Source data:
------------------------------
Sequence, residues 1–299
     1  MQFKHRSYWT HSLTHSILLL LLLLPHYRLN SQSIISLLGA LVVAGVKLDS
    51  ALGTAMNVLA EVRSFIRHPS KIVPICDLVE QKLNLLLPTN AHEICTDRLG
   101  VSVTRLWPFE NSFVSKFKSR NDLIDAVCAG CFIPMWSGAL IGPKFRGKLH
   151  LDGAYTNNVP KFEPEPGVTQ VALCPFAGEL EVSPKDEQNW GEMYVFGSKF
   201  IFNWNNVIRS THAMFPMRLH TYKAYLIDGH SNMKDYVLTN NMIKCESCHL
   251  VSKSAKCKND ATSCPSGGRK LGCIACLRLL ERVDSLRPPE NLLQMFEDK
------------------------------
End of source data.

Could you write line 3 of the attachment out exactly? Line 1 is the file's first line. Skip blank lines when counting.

    51  ALGTAMNVLA EVRSFIRHPS KIVPICDLVE QKLNLLLPTN AHEICTDRLG